- 1Applied Research, American Dental Association Science and Research Institute, Chicago, IL, United States
- 2Microbial Genomics and Ecology, Center for the Planetary Health and Innovation Science, The IDEC Institute, Hiroshima University, Higashihiroshima, Japan
- 3Project Research Center for Holobiome and Built Environment (CHOBE), Hiroshima University, Higashihiroshima, Japan
Editorial on the Research Topic
Ecology, environment, and human microbiome interaction with infection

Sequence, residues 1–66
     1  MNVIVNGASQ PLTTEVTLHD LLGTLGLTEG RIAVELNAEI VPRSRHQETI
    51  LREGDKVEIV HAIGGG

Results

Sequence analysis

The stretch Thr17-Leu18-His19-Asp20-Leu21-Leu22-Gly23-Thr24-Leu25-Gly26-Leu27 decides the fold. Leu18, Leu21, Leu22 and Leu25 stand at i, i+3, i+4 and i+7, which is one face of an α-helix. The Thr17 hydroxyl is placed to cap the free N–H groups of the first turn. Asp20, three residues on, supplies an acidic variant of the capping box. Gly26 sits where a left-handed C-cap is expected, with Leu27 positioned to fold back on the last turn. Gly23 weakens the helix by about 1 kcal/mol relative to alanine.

One Health paradigm, conceived in the early years of the 21st century, encapsulates a global initiative endorsing interdisciplinary collaborations and knowledge dissemination across all dimensions of health sciences. This framework accentuates the intricate interdependencies amongst humans, animals, vegetation, and their shared environment. Ground-breaking advancements in DNA sequencing methodologies and computational biology have significantly transformed the domain of microbiome studies. Analyses of previously uncultured microorganisms deliver exhaustive insights into the associations between animals, the environment, and human microbiota, including various disease implications. Within the context of this investigative topic, we are interested in examining the impact of environmental stressors on bacterial populations and the implications these shifts have for human health.